What do real estate agents actually do?

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Buying or selling a property is a significant financial decision. Engaging the right real estate agent will help to streamline the process, from providing advice on market conditions, through to facilitating negotiations.

Property transactions can be both financially demanding and time consuming, as shown by Real Estate Institute of New Zealand (REINZ) statistics: the median residential property price in New Zealand in December 2019 was $629,000, up from $560,000 the previous year. And according to REINZ data, it takes a median 31 days for a house to sell.

Embarking on transactions of such scale – involving a number of steps and processes – means it’s no wonder sellers often feel more comfortable enlisting the expertise of a real estate agent.

Buying or selling a home without an agent is still an option, but it’s worthwhile considering the pros and cons of both before committing one way or another.

The value of using a real estate agent is that you can make the most of their knowledge of correct processes, as well as effective marketing strategies. However, you also want to be sure you’re getting value for money, especially when they stand to make a sizeable commission.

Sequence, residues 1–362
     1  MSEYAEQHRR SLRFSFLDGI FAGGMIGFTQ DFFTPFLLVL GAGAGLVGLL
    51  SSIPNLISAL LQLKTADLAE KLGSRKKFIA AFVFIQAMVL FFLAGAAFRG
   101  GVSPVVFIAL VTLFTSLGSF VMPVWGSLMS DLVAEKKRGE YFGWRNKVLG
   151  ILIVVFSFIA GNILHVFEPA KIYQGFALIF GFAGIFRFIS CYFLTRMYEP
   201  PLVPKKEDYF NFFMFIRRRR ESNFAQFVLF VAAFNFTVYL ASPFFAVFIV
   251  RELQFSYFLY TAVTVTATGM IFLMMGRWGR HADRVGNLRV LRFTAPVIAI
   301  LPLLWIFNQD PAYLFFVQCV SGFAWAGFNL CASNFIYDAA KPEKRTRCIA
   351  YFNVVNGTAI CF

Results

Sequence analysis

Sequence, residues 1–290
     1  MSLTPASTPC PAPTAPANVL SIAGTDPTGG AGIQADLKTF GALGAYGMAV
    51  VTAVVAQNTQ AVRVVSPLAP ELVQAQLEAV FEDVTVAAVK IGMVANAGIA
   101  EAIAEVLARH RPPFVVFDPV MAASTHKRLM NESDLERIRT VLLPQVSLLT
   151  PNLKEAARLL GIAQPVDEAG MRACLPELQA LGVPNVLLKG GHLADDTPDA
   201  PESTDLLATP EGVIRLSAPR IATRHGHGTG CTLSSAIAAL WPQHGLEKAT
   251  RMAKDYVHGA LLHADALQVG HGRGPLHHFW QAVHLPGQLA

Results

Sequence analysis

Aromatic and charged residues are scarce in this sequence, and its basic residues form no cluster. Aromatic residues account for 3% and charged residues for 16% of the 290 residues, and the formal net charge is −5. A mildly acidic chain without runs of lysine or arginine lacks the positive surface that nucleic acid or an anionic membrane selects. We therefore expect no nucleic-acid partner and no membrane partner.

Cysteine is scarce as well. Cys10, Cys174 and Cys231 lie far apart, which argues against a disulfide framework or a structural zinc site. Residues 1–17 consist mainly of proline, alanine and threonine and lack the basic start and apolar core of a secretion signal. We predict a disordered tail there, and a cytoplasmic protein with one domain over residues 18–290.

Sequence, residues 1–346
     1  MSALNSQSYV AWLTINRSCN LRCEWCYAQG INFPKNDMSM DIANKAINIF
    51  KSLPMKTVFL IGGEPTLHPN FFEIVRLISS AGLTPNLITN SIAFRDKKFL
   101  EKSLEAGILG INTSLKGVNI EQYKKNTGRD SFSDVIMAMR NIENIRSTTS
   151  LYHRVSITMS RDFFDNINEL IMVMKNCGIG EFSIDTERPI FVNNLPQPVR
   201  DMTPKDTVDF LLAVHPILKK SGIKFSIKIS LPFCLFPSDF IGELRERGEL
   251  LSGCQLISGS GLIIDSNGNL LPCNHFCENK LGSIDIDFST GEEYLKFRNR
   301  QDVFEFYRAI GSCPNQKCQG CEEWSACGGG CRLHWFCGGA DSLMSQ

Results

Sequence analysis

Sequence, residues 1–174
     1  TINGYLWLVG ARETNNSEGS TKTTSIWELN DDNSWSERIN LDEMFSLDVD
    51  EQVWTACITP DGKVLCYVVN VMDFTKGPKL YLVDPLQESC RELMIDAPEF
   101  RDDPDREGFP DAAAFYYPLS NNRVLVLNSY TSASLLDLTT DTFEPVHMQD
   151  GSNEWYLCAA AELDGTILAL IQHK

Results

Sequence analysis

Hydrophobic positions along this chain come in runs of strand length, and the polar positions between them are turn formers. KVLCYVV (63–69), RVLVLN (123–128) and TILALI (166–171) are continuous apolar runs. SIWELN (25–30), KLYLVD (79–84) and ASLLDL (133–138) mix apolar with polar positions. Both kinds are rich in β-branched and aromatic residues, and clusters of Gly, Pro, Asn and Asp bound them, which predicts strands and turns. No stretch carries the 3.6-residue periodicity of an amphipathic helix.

So, what are the services that real estate agents provide and what should you look for when choosing an agent to help you sell your property?

What qualifications do real estate agents need?

real estate agent

There are a number of regulations governing real estate agents in New Zealand, determining who can operate as an agent. Agents must comply with the Real Estate Agents Act 2008, plus the Real Estate Authority’s (REA) code of professional conduct at all times. Before applying for a licence, applicants need to have the required qualifications, either as a salesperson, individual agent or branch manager, as set out by the Real Estate Agents Licensing Regulations 2009.

Anyone can use the REA’s public register of all licensed real estate agents, salespeople, branch managers and companies to access the following information:

  • Find contact details.
  • Check that an agent is licensed.
  • See if an agent has had any complaints upheld against them during the past three years.

First point of contact

real estate agent with clients

Real estate agents act as an intermediary between buyers and sellers – they are the first point of contact, and the more established or specialised an agent’s network, the greater the likelihood of striking the deal that you’re looking for.

Sellers should choose an agent who they feel comfortable with and who they believe has the right network and structures in place to effectively market their property to buyers.

Prior to signing an agreement, a salesperson must:

  • Provide a written estimate of the sale price, reflecting market conditions and supported by information about sales of similar properties.